News

Heroku makes play for enterprise, adds Java

Adam Riglian

SAN FRANCISCO -- The Heroku platform started in 2007 as the home of the upstart Ruby language, but 20 months after being acquired by Salesforce.com, the Platform as a Service provider has made a decidedly enterprise move -- expanding to Java.

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announced its decision to support Java at Salesforce.com's Dreamforce 2012 conference.

"We've heard from customers pretty clearly that they're really looking for a polyglot platform; looking for multi-language support," said Heroku Chief Operating Officer Oren Teich.

Jesper Joergensen, senior director of products at Heroku, agreed that Java was the next language to support. "Java is really vastly more popular than any other language in [the] enterprise. Enterprises use other languages, but Java is really the 800-pound gorilla in there."

Both confirmed Heroku users and prospective customers had been asking for Java. The call was loudest amongst enterprise customers. Joergensen sees this as an opportunity to expand Heroku into new enterprises, especially those that are still unsure about cloud.

"They're asking the question, 'How does [Java] look in the cloud?'" he said. "These are the things that need to be there to deploy it; where are they?"

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Joergensen answered with an explanation of what "full-stack Java" will mean in Heroku. It includes native Java tools like the Eclipse plug-in, which developers can use to create and deploy in Heroku, a continuous delivery framework through Atlassian's Bamboo, Tomcat Web application container, support for the most recent Java Development Kit (JDK) builds, and other popular Java services.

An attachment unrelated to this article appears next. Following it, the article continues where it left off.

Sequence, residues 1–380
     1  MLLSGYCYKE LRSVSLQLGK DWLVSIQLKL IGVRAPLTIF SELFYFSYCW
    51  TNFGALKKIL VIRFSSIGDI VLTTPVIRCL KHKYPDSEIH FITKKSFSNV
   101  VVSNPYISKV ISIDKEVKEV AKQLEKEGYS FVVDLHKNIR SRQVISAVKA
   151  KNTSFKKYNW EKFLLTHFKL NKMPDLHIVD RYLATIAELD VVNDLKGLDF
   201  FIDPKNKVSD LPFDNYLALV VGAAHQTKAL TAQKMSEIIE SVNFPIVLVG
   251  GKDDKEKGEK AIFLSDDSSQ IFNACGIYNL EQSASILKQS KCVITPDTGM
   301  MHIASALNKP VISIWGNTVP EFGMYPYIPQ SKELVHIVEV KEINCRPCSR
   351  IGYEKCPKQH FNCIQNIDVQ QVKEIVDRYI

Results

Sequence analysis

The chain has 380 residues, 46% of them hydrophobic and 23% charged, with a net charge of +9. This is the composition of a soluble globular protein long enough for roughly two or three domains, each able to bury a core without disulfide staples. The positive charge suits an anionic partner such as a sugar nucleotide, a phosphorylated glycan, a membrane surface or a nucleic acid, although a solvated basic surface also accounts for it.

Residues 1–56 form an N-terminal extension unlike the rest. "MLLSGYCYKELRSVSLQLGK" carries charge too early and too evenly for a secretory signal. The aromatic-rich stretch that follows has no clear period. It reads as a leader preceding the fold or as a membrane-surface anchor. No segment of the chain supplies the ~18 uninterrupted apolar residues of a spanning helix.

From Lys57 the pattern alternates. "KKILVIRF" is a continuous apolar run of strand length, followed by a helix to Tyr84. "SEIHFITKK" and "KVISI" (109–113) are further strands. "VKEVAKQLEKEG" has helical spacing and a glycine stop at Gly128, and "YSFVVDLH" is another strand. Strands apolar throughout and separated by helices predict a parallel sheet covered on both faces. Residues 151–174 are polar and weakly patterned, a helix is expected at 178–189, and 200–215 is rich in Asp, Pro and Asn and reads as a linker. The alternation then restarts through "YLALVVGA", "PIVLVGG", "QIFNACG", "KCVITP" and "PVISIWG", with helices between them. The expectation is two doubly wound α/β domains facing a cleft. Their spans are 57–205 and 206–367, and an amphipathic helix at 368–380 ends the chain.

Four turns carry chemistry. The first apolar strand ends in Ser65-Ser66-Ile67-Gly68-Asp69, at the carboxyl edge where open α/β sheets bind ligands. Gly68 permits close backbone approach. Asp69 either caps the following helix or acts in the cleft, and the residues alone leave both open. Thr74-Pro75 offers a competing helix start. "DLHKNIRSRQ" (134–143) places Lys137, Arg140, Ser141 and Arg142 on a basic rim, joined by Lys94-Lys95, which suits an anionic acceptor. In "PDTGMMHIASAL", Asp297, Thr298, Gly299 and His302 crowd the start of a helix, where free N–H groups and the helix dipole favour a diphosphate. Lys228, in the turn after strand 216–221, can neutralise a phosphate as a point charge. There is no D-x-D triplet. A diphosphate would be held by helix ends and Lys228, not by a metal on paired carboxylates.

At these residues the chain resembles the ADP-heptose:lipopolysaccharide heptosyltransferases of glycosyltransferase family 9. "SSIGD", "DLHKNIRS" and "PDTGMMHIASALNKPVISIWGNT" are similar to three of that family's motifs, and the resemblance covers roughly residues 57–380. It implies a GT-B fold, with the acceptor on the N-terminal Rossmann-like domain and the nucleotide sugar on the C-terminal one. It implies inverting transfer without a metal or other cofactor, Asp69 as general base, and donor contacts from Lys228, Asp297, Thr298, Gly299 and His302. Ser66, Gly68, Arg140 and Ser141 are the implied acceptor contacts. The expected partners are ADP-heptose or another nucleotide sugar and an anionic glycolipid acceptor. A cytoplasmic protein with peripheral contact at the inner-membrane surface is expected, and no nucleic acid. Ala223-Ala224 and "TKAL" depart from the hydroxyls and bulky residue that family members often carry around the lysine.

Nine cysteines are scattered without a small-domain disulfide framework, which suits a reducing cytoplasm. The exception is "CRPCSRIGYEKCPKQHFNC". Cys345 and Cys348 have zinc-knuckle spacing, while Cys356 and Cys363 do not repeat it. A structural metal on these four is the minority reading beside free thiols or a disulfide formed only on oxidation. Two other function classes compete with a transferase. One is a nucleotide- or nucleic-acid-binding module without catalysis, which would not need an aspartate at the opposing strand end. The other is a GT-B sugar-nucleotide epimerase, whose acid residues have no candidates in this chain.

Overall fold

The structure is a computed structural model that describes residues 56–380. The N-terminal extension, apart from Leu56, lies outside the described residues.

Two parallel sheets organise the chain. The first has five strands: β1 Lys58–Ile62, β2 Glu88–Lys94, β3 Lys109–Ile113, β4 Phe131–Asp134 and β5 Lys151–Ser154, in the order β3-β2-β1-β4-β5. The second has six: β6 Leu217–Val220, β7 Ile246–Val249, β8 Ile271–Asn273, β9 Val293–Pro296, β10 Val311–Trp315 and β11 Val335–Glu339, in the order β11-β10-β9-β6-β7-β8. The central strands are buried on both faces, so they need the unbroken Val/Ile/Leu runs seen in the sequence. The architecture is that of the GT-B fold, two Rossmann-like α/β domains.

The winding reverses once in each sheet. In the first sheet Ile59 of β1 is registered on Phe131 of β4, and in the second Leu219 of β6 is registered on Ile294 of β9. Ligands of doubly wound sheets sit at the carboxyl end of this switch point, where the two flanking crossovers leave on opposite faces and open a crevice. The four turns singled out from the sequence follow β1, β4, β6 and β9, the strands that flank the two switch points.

He highlighted the Eclipse plug-in as being key for developers because it is consistent with what they are already doing.

"The Eclipse plug-in doesn't change how you develop, which is very important," he said. "[Developers] can deploy to Heroku using version control [or] they can deploy using continuous integration."

Joergensen believes the continuous integration automation from Bamboo is critical because it allows for continuous delivery with Heroku run-time.

Adopting Heroku

Customers have been asking Heroku for Java, but not all are expected to jump on board at once. Joergensen rejected notions that anyone with an existing IT setup is going to jump to the cloud all in one motion. He said it's key to attract customers entering the right stage of the application lifecycle.

"A very, very large portion of enterprise applications live on a four- to five-year lifecycle," he said, adding that he's spoken with numerous customers who said they do not feel compelled to move to cloud because an application built within the last year or two was running fine on-premises. "Customers are looking for guidance, they are looking for advice on what is the right strategy to move to the cloud."

He does believe that people looking at new projects will be more inclined to look at Heroku now that Java is a part of the platform.

"Supporting Java does mean that we tap into the existing skill sets and assets of the enterprise," he said. "If you really want to do that now, you have a better opportunity to do that than ever before."

Adam Riglian is a news writer with SearchCloudApplications.com. Follow him on Twitter @AdamRiglian.


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